Top-Two Primary System in CA Survives Challenge

     (CN) - California's "top-two" open primary election system survived several challenges before the 9th Circuit on Wednesday.
     The "top-two" open primary election system allows voters to directly nominate two candidates in a non-partisan primary. The candidates are listed on the ballot with either their "party preference" or the words "no party preference." The law, which voters approved through Proposition 14, also bans write-in candidates from the primary.
     Michael Chamness, Daniel Frederick, Rich Wilson and Julius Galacki claimed that the law was unconstitutional and unfair to third-party candidates and those who want to vote for them.
     Chamness wanted to run in the state's 2011 primary as an Independent rather with "no party preference" next to his name. Frederick wanted to run as a write-in candidate, and Wilson wanted to vote for him. Galacki sought unsuccessfully to intervene in the lawsuit, claiming, among other things, that the law against write-ins violated the First and 14th Amendments.
     A Los Angeles federal judge granted the state summary judgment in 2011, and the 9th Circuit affirmed Wednesday.
     A three-judge appellate panel in Pasadena found that the law "represents a reasonable, non-discriminatory restriction that imposes a slight burden on speech and is sufficiently supported by the state's important regulatory interests."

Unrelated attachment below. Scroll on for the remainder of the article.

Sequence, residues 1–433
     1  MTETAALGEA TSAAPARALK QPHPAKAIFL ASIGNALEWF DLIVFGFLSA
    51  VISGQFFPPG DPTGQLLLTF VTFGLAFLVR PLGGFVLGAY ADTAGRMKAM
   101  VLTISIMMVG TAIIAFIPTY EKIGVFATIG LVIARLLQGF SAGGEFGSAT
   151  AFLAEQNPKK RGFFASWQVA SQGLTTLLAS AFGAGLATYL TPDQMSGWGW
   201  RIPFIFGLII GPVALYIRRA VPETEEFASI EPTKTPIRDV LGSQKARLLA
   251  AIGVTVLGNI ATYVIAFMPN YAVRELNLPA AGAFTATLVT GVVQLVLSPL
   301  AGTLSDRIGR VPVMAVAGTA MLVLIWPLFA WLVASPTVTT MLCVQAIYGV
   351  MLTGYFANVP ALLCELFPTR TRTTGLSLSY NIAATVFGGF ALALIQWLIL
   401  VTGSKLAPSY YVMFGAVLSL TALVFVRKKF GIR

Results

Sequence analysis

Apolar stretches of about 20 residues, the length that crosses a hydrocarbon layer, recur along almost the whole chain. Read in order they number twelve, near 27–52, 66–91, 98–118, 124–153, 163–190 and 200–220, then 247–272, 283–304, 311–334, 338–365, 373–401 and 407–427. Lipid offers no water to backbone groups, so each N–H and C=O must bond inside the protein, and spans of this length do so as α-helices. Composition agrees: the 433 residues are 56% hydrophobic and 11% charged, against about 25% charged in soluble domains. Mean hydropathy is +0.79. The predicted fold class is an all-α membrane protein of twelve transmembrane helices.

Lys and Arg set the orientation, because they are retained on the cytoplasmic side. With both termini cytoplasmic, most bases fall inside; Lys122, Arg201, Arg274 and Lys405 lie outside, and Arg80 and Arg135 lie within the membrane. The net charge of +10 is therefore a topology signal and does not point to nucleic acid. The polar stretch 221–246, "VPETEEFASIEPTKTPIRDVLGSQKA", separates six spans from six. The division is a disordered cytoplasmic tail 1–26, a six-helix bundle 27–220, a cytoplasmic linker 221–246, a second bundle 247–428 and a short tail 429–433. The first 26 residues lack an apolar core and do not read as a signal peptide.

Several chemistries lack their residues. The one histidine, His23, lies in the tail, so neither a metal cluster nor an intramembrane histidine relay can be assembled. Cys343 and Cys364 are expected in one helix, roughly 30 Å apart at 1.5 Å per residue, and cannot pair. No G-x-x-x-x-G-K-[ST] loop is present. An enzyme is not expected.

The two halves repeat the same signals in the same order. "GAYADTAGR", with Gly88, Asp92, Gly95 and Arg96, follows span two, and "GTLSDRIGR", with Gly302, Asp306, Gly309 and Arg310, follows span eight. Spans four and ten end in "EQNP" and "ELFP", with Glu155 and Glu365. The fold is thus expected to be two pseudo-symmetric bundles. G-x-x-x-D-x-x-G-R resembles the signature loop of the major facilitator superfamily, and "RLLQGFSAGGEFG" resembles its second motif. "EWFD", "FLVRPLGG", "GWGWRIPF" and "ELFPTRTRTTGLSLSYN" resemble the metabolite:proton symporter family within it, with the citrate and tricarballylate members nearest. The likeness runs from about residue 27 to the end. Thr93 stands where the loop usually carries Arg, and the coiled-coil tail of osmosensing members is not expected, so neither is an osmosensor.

"Additionally, under the California system, multiple candidates may state they prefer the same political party, weakening any argument that the law seeks to guarantee the success of certain political parties," wrote U.S. District Judge James Carr, sitting on the panel by designation from the Northern District of Ohio. "To the contrary, when multiple candidates state they prefer a single political party, the voters cannot know from the ballot which candidate, if any, the party actually endorses. Allowing multiple candidates to state they prefer a single political party addition, may dilute the party's support among those candidates. Given these considerations, an otherwise well-supported candidate with 'No Party Preference' could, at least theoretically, benefit from the statutory scheme.